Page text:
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  • Writer's pictureLukas Pelcman

What to Do If the Domain Name Is Already Occupied?

Updated: Feb 14

In practice, it very often happens that the domain name we want to register is no longer available because it has been registered by a third party. Domain name registration is essentially based on the „first come, first served“ principle. Therefore, if a third party registers a domain name that does not contain any designation protected by intellectual property rights (or other rights), we have no claim against such person in relation to the domain name. We can try to contact the domain holder and agree with him on the sale of the domain at a price acceptable to both parties, but prices can range from tens to hundreds of thousands of crowns, depending on how attractive the domain is.

As for a domain name that contains a protected designation, it is usually possible to demand its free transfer on the basis of existing rights to such a designation in the so-called domain dispute. Most registration agreements (we dare say that in all) there is a requirement that the registered domain name does not infringe the rights of third parties (especially trademarks, business name or possibly other domain names). For these cases, the registration agreement often provides for a special procedure for resolving possible disputes. Such a procedure is referred to as alternative dispute resolution (ADR) and is an alternative to traditional judicial (civil) proceedings.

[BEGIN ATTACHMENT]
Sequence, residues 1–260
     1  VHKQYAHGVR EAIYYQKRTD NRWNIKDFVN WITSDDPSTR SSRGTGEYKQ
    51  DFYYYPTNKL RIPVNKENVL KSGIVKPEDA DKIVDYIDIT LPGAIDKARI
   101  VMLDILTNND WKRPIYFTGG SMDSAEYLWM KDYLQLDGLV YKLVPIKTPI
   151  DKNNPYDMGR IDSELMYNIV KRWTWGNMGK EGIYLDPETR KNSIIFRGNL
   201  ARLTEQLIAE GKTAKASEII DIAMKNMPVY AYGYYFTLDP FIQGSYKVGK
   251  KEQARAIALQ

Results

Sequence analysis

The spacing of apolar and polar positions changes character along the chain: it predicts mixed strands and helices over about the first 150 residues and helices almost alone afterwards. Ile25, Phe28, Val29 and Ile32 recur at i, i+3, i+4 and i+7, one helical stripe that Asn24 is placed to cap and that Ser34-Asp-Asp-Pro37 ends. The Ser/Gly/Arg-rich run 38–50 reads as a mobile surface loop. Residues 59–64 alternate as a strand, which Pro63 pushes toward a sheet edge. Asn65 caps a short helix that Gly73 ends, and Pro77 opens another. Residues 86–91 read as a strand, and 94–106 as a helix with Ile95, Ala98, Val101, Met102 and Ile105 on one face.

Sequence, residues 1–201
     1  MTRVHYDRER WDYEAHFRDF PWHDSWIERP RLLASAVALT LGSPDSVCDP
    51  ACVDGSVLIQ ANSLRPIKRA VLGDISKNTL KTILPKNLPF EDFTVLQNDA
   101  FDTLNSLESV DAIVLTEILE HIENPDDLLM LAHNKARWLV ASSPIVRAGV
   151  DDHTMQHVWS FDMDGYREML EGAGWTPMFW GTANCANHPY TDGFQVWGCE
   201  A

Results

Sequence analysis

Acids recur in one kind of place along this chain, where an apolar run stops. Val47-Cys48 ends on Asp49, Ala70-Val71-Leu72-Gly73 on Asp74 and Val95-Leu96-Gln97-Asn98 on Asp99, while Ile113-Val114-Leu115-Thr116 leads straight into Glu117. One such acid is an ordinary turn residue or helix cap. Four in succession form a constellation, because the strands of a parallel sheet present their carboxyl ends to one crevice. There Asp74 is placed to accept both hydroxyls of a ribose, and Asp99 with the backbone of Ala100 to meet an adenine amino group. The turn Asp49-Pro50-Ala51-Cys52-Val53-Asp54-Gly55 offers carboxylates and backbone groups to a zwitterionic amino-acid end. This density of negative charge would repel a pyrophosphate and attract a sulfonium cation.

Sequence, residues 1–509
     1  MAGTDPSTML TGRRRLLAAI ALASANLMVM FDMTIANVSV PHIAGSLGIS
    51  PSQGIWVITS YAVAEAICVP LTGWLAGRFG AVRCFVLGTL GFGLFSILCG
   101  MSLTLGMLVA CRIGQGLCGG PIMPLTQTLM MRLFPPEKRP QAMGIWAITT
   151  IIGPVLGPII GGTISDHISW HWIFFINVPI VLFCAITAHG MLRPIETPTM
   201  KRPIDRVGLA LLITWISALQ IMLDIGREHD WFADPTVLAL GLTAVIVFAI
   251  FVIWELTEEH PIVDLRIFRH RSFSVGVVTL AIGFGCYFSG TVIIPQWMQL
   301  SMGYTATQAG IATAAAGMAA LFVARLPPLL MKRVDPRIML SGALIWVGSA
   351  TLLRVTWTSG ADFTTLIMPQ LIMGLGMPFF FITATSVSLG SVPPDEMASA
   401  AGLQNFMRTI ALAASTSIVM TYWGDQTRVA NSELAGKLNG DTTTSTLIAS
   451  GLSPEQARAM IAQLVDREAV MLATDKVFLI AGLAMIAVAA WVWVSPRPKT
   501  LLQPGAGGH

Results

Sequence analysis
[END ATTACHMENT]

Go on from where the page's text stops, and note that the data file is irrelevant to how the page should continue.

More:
Compared to traditional litigation, ADR has proven to be an effective tool for rights holders to pursue claims in domain disputes against third parties who have registered the domain name in bad faith and / or without sufficient legitimate interest. Depending on the relevant ADR rules, it must be cumulatively demonstrated that the domain name holder lacks a legitimate interest and good faith in the domain name registered by him (UDRP, Slovak ADR rules), or it is sufficient if at least one of these conditions is met (EU ADR rules, Czech ADR rules).

The circumstances of individual domain disputes can vary significantly. In general, the stronger the legitimate interest of the domain holder, the weaker the position of the rights owner, and vice versa. In other words, the fact that a rights owner has a trademark identical to a domain name previously registered by a third party does not automatically mean that the rights owner will automatically succeed with his claim in the domain dispute. Needless to say, each case must be assessed individually in the light of its details and the relevant facts.

Notwithstanding the above, however, most domain disputes are quite straightforward. A typical scenario is that a domain name identical or very similar to a particular protected designation is registered by a person who intends to sell the domain name to a rights owner who wants the domain name identical or highly interchangeable with his trademark not to be held by anyone else.

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